In our last tutorial, we covered selectors and event listeners in JavaScript and jQuery. In this tutorial, we will spend some time practicing with event listeners and use some basic JavaScript and Bootstrap to create this:

A user will be able to click a colored box at the top to change the palate color, which they then will use to color one of the white boxes. They can also use the keyboard to change the palate color.

Bootstrap is a popular CSS framework for developing responsive, mobile first projects on the web.' We will be using the grid system to create our boxes. We will nest rows in containers, and columns in rows like this:

<div class="container">
    <div class="row">
        <div class="col-xs-2">1</div>
    </div>
</div>   

Bootstrap divides the layout of an HTML page into 12 "columns". When we add the class col-xs-2, we're using a built-in Bootstrap CSS class that tells the <div> element to take up two of those columns (or 1/6th of the screen width). Look at our final project picture at the top of this tutorial, to create our top row, we write code that looks like this"

<link rel="stylesheet" href="https://maxcdn.bootstrapcdn.com/bootstrap/3.3.5/css/bootstrap.min.css">
<div class="container">
    <div class="row">
        <div class="col-xs-2">1</div>
        <div class="col-xs-2">2</div>
        <div class="col-xs-2">3</div>
        <div class="col-xs-2">4</div>
        <div class="col-xs-2">5</div>
        <div class="col-xs-2">6</div>
    </div>
</div> 

The xs part of col-xs-2 is short for "extra small", and describes how small the screen can be and still maintain that proportion. Lets say we want each <div> to take up two columns unless we are on a small screen. If it is a small screen, we want half the numbers to drop down a row, and when the screen is extra small (phone size) we want three rows of two columns. That would look like this. Try this code out and change the size of your browser.

<head>
    <link rel="stylesheet" href="https://maxcdn.bootstrapcdn.com/bootstrap/3.3.5/css/bootstrap.min.css">
</head>
<body>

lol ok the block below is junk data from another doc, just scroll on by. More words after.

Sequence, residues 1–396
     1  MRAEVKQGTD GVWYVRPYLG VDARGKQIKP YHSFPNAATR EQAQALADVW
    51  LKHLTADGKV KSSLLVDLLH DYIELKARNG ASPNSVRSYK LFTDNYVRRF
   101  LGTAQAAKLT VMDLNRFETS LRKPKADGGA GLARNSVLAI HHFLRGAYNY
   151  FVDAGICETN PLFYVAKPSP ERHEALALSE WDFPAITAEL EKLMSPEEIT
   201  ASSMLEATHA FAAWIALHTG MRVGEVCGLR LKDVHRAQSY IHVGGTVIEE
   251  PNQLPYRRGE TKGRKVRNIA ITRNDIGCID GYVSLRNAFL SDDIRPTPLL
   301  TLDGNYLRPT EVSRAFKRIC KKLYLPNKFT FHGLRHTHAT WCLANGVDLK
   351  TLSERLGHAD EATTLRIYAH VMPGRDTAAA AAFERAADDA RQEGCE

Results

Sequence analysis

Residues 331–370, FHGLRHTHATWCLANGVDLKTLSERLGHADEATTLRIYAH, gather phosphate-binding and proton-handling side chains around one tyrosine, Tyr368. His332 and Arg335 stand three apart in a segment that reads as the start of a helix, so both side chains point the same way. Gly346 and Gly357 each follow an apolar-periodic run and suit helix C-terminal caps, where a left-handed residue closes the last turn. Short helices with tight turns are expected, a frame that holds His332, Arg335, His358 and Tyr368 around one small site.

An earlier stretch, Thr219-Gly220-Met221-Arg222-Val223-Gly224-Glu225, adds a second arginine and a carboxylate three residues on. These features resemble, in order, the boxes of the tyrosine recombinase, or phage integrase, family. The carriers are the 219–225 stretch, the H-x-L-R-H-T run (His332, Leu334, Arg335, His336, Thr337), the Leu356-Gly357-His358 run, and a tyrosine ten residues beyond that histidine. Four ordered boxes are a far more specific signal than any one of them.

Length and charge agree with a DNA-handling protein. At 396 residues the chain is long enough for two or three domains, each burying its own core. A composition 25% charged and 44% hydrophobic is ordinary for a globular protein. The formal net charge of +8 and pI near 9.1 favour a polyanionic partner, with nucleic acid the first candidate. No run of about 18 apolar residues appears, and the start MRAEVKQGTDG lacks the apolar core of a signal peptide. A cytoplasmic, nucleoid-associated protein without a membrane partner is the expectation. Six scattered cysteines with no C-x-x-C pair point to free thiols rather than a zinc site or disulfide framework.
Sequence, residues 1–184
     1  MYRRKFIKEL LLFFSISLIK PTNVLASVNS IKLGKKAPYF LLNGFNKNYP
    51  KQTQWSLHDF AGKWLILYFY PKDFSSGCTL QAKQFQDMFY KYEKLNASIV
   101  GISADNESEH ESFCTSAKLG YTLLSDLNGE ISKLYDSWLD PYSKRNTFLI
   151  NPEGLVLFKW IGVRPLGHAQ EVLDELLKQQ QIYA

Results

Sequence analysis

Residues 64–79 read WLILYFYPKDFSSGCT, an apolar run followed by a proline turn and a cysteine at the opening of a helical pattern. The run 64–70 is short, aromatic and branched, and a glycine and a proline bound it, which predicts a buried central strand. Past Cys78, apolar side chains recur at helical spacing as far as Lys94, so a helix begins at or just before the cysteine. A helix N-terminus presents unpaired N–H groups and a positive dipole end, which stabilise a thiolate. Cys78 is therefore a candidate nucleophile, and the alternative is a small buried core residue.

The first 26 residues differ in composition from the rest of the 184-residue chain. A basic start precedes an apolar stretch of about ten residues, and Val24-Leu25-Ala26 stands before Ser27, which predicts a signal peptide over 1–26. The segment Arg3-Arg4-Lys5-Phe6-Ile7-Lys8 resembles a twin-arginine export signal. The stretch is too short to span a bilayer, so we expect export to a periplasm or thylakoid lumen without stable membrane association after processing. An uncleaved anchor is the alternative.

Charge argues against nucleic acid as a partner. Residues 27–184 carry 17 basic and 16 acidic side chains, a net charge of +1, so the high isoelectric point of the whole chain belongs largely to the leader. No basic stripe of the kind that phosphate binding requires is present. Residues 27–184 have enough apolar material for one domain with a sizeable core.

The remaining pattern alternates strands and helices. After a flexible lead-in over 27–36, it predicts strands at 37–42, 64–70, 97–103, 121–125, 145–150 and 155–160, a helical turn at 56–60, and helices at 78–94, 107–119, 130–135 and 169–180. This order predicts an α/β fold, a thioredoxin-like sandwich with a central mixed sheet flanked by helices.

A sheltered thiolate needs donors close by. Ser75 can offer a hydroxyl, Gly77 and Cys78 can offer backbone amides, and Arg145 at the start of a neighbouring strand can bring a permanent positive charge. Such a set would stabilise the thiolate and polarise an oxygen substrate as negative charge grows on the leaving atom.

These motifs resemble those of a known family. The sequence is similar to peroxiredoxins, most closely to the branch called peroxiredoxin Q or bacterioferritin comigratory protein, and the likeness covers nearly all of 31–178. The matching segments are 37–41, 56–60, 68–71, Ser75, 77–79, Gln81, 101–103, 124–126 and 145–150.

<div class="container">
        <div class="row">
            <div class="col-md-2 col-sm-4 col-xs-6">1</div>
            <div class="col-md-2 col-sm-4 col-xs-6">2</div>
            <div class="col-md-2 col-sm-4 col-xs-6">3</div>
            <div class="col-md-2 col-sm-4 col-xs-6">4</div>
            <div class="col-md-2 col-sm-4 col-xs-6">5</div>
            <div class="col-md-2 col-sm-4 col-xs-6">6</div>
        </div>
    </div>
</body>

A row nests directly in a container. A column nests directly in a row. Never a row directly in a row. You can, however, nest a row in a column. Super fun. Let's move on.

Lets give our columns a border, color and custom height using classes. Our CSS file should look like this.

body {
    text-align: center;
    font-size: 40px;

}
.square {
    height: 70px;
    border: 3px solid #000000;
}
.pink {
    background-color:pink ;
}
.dark-pink {
    background-color:deeppink ;
}
.blue {
    background-color: blue ;
}
.green {
   background-color: green;
}
.orange {
    background-color: orange;
}
.white {
    background-color: white;
}

Our HTML like this. Refer to the previous tutorial for bits you might not understand.

<html>
    <head>
        <link rel="stylesheet" href="app/bower_components/bootstrap/dist/css/bootstrap.min.css">
        <link rel="stylesheet" href="app.css">
        <title> Color Boxes </title>
    </head>
    <body>
        <div class="container">
            <div class="row">
                <div id='pink-box' class="col-xs-6 col-sm-4 col-md-2 pink square">1</div>
                <div id='blue-box' class="col-xs-6 col-sm-4 col-md-2 blue square">2</div>
                <div id='dark-pink-box' class="col-xs-6 col-sm-4 col-md-2 dark-pink square">3</div>
                <div id='orange-box' class="col-xs-6 col-sm-4 col-md-2 orange square">4</div>
                <div id='green-box' class="col-xs-6 col-sm-4 col-md-2 green square">5</div>
                <div id='white-box' class="col-xs-6 col-sm-4 col-md-2 white square">0</div>
            </div>
        </div>
    <script src="jquery/dist/jquery.min.js"></script>
    <script src="app.js"></script>
    </body>
</html>

We added a couple of <script> tags. Make sure you are referencing jQuery and your JavaScript file. Now to some super cool JavaScript stuff.

We can actually add objects to our page from our JavaScript file. We will use jQuery

$('body').append('<div>Hello World</div>');

We can't think about it like appending HTML to the HTML file, but we are appending objects in other objects.

We want to create a grid. We don't want to have to write out every square, so we will have a for loop do that for us.

Look over this code and try to figure out what it is doing. Talk through every line.

Add a .box class to your CSS real quick.

.box {
    height: 50px;
    border: 3px solid #000000;
}
var container = '';

for (var x = 0; x < 10; x++){
    container += '<div class="row">';
    for (var y = 0; y < 12; y++){
        container += '<div class="box col-xs-3 col-sm-1"></div>';
    }
    container += '</div>';
}

$('.container').append(container);

We are building a string, that we then can append. That's what the += is all about. If you don't understand, look over it again.

For every outer loop, the nested loop will add 12 rows. The outer loop will open a row

and close it.

Try looking over it one more time if it doesn't make sense.

There are some constants in that code, which is bad programming, so we are going to add two variables. Spot the differences and think about why the latter code block would be more useful.

var rows=10;
var columns = 12;
var container = '';
for (var x = 0; x < rows; x++){
    container += '<div class="row">';
    for (var y = 0; y < columns; y++){